In their own words
ALGONA – For decades, the Nativity scene created by German prisoner of war Eduard Kaib has brought hundreds of visitors to Algona during the Christmas season to see the one-of -a-kind display.
Overseen by a board of directors from the Algona United Methodist Church, the historic Nativity continues to bring joy to its caretakers, all of whom have their own personal stories on how it has touched their lives.
“It’s a labor of love,” said Marvin Chickering, chairman of the Nativity board. “I’ve been involved for at least 30 years and I still enjoy it.”
Chickering said it was out of one man’s mistake that the Nativity came to be in Algona.
“It’s a part of the story not everyone knows, but its history has been published so many times,” he said. “The neatest part in my mind is that there was really a one in 8 million shot that Kaib was in Algona. There were 8 million German prisoners in camps in the United States but God said there was something for him to do in Algona.”
The first Nativity was created from soil in 1944 and was displayed in the dining hall of Camp Algona. Lt. Col. Joseph Church was commander of the camp during that time.
“Joseph Church wasn’t a well liked man in the camp,” said Chickering. “A few prisoners escaped and for five days he didn’t know they were gone. They were found and brought back to the camp, but two days later they were gone again. At that time it was decided he was inept and he was dismissed. That brought Col. Arthur Lubdell in from Camp Clarinda. It was his idea to build the larger Nativity. Thanks to those prisoners that escaped, it dismissed a man who probably never would have had the idea.”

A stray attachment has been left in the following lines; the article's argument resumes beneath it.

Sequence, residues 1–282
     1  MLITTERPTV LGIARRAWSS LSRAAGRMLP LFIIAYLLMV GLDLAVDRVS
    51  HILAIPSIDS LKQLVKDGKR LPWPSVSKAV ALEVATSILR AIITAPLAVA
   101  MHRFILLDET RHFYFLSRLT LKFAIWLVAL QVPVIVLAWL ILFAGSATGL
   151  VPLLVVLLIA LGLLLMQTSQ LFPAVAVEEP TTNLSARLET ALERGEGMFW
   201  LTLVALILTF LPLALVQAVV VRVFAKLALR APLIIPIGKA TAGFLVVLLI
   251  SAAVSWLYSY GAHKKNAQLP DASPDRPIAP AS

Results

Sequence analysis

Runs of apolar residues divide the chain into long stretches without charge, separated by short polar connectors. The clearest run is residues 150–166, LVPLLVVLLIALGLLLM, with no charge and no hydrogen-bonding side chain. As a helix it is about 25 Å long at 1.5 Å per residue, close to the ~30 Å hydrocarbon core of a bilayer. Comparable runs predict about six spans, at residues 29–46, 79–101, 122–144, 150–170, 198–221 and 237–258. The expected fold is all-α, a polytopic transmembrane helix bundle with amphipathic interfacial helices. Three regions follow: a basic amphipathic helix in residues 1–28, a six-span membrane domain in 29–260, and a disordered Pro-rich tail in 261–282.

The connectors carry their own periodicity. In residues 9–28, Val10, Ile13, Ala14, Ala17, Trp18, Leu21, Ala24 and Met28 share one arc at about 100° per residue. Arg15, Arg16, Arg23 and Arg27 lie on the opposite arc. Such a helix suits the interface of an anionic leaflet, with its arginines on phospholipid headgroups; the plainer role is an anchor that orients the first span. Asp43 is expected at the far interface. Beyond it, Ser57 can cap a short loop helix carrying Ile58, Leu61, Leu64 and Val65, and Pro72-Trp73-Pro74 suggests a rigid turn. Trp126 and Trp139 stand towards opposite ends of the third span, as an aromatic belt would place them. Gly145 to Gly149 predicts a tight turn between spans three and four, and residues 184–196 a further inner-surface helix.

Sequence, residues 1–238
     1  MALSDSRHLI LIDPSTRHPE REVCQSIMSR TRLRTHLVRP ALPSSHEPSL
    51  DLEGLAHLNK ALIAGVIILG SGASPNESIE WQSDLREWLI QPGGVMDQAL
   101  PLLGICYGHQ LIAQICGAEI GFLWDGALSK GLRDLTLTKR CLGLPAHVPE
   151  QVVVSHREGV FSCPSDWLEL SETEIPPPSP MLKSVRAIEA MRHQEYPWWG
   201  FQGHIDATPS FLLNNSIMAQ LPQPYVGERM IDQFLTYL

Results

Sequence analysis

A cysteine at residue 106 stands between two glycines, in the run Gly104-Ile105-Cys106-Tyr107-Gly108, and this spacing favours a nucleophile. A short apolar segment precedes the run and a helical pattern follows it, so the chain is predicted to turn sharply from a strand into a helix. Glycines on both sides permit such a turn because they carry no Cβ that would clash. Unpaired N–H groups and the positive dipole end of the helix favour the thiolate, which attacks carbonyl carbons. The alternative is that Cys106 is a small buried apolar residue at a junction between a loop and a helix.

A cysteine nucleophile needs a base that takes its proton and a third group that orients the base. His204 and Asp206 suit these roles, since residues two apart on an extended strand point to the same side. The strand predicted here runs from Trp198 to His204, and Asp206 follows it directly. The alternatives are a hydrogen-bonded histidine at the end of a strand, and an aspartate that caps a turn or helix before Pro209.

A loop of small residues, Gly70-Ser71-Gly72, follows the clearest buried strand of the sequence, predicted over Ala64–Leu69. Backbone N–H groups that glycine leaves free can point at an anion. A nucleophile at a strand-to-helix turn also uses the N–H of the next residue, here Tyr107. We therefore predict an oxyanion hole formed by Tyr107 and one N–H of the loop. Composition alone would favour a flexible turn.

For some board members, such as Rick Klein, it has become a tradition to visit the Nativity each year.
“Every year we still bring our grandkids out,” said Klein.
Over the years, Chickering has heard a number of stories and comments from visitors, but a few stand out in his mind.
“One day a World War II veteran came in with his granddaughters a few years ago,” said Chickering. “He got busy sharing war stories so I told the granddaughters they could go look at the scene. ‘I said count the sheep, but don’t fall asleep.’ They came back out and I asked them how many sheep they could find. The older girl, she was probably about 10 years old, said 32. I asked her how she came up with that number and she said ‘There are 30 on the ground, one in the arms of the shepherd and the Lamb of God in the manger.’ Those are the kinds of stories that bring tears to your eyes.”
A visitor from Germany also created a favorite memory for Chickering.
“It’s been at least 10 years ago a woman called me to see if we could show the Nativity to her brother-in-law who was going to be visiting from Germany,” he said. “He came and he told me he wanted to thank the Americans for how well he was treated in an American camp and that he was sorry for how they treated American prisoners in Germany. He had been a prisoner of war at a camp in Virginia.
Board Member Marilyn Wallick said she has enjoyed meeting visitors and seeing their reactions to the scene.
“It’s neat to be involved here,” she said. “I love seeing the looks on visitors faces, they just can’t believe we have something like this here. Even people from town who haven’t seen it and come for the first time say it is really something.”
“For me, it still just blows my mind that something this beautiful could have come from a war,” said Chickering.